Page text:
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Practice Bulletin Number 186, November 2017

(Replaces Practice Bulletin Number 121, July 2011)

Intrauterine devices and contraceptive implants, also called long-acting reversible contraceptives (LARC), are the most effective reversible contraceptive methods. The major advantage of LARC compared with other reversible contraceptive methods is that they do not require ongoing effort on the part of the patient for long-term and effective use. In addition, after the device is removed, the return of fertility is rapid (1, 2). The purpose of this Practice Bulletin is to provide information for appropriate patient selection and evidence-based recommendations for LARC initiation and management....


Practice Bulletin Number 143, March 2014

(Reaffirmed 2016. Replaces Practice Bulletin Number 67, October 2005)

Over the past three decades, medical methods of abortion have been developed throughout the world and are now a standard method of providing abortion care in the United States. Medical abortion, which involves the use of medications rather than a surgical procedure to induce an abortion, is an option for women who wish to terminate a first-trimester pregnancy. Although the method is most commonly used up to 63 days of gestation (calculated from the first day of the last menstrual period), the treatment also is effective after 63 days of gestation. The Centers for Disease Control and Preventio...


Practice Bulletin Number 110, January 2010

(Replaces Committee Opinion Number 337, June 2006.) (Reaffirmed 2018)

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19.
September 2015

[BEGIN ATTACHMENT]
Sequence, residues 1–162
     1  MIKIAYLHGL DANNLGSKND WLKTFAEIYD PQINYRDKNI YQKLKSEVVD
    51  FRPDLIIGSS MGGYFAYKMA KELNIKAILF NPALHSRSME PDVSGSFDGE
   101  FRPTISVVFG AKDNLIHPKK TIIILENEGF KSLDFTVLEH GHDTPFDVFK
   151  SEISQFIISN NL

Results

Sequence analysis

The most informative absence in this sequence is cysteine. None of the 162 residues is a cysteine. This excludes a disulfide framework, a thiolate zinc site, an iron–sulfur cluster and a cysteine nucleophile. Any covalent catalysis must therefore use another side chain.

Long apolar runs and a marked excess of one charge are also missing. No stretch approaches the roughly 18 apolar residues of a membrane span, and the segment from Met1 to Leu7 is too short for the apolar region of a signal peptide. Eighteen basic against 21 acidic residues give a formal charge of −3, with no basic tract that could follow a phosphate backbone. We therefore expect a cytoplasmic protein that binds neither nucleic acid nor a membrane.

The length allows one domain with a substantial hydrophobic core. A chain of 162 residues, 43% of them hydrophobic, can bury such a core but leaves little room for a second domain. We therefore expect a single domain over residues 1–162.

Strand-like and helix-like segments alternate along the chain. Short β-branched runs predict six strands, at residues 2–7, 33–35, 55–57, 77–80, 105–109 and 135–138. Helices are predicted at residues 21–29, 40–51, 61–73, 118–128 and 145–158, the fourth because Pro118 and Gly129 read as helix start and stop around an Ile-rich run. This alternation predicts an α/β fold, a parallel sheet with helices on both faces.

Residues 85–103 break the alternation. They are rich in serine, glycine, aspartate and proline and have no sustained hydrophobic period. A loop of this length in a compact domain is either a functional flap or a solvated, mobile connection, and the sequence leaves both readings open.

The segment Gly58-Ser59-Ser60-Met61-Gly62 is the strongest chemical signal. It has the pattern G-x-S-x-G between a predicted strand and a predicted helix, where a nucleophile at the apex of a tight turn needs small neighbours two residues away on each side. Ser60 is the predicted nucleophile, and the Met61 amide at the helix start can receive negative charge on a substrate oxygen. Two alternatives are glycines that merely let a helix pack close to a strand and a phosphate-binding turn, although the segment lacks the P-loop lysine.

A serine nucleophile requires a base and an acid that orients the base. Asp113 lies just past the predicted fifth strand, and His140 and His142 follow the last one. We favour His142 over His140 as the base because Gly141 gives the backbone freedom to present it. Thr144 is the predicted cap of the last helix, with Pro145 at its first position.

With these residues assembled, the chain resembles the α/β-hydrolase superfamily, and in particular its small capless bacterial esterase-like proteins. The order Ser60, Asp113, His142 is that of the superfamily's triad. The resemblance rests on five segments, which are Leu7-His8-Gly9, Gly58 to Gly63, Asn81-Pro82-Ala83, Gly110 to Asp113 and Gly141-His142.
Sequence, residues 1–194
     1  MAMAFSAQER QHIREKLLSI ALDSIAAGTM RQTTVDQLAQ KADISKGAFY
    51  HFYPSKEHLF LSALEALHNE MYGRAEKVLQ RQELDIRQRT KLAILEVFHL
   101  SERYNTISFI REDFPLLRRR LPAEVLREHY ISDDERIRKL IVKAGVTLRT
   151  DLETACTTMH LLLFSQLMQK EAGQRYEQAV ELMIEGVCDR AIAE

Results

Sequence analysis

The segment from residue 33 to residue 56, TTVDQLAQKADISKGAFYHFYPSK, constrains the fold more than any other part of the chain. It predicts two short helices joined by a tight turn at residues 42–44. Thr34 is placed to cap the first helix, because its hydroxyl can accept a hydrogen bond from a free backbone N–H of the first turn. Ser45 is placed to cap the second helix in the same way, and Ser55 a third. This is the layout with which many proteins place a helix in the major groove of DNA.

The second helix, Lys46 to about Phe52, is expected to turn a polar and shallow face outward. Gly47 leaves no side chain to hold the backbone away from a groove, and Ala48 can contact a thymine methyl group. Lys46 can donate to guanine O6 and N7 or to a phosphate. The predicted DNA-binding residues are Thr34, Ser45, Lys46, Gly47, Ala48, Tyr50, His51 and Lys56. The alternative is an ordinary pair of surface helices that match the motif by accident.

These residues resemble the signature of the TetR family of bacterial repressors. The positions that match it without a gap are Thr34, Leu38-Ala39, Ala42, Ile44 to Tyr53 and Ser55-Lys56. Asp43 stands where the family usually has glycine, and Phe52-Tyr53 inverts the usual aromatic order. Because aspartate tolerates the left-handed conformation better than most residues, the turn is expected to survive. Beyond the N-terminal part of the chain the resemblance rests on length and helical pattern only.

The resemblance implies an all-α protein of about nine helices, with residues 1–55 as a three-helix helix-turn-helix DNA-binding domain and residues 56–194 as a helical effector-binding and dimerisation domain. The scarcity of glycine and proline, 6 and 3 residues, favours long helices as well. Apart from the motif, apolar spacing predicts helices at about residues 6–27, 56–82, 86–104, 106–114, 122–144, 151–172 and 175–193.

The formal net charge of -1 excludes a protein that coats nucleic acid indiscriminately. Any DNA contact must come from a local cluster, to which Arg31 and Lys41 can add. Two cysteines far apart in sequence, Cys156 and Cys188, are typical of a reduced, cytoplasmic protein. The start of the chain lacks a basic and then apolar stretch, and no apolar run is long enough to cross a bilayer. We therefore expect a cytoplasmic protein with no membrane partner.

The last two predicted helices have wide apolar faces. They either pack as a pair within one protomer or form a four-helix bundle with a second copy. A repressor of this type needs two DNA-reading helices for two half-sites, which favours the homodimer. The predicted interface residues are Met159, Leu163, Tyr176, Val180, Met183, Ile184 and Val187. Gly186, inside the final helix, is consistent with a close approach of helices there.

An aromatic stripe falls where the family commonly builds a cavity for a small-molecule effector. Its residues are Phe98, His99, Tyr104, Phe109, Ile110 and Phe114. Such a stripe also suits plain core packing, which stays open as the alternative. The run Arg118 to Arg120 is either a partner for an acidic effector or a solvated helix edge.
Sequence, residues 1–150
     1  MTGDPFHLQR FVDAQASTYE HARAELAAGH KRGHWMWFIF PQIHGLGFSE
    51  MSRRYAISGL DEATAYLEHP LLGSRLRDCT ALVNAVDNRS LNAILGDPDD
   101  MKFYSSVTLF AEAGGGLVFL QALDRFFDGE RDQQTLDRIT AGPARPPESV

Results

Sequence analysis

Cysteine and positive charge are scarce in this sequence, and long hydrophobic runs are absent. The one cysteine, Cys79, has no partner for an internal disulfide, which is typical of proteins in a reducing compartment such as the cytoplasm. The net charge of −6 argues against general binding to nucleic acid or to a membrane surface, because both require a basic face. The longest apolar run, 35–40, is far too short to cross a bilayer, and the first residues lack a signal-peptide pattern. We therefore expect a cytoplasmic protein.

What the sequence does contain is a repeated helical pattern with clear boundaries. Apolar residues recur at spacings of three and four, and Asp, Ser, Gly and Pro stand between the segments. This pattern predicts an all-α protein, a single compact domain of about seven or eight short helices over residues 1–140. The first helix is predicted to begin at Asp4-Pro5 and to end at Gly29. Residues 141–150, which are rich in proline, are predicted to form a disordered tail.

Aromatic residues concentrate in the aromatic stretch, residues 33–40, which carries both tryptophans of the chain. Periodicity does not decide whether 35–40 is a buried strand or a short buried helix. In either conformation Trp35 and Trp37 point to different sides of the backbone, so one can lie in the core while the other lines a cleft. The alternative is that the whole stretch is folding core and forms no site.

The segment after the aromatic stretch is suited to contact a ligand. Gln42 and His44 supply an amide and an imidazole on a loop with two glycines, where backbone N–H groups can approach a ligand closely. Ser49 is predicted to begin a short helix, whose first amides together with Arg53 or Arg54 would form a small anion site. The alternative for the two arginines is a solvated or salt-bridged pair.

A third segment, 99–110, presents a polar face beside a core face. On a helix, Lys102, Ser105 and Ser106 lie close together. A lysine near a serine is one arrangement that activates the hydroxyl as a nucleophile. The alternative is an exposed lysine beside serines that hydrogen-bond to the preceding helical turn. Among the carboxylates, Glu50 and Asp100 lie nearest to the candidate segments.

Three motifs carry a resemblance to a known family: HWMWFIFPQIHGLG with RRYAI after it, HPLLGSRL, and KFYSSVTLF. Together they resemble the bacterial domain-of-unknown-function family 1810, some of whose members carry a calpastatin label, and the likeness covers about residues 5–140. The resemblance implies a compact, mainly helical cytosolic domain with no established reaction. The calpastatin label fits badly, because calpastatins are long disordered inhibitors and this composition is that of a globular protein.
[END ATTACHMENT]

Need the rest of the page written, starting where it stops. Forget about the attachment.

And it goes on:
Practice Bulletin Number 152, September 2015

(Replaces Practice Bulletin Number 112, May 2010) (Reaffirmed 2018)

Emergency contraception, also known as postcoital contraception, is therapy used to prevent pregnancy after an unprotected or inadequately protected act of sexual intercourse. Common indications for emergency contraception include contraceptive failure (eg, condom breakage or missed doses of oral contraceptives) and failure to use any form of contraception (1–3). Although oral emergency contraception was first described in the medical literature in the 1960s, the U.S. Food and Drug Administration (FDA) approved the first dedicated product for emergency contraception in 1998. Since then, sever...


Practice Bulletin Number 135, June 2013

Reaffirmed 2019

In the United States, more than one half of pregnancies are unintended, with 3 in 10 women having an abortion by age 45 years (1). In 2008, 1.2 million abortions occurred in the United States, of which 6.2% took place between 13 weeks of gestation and 15 weeks of gestation, and 4.0% took place at 16 weeks of gestation or later (2, 3). Only 1.3% of abortions are performed at 21 weeks of gestation or later (4). The proportion of abortions performed in the second trimester, usually defined as between 13 weeks of gestation and 26 weeks of gestation (as calculated from the last menstrual period), ...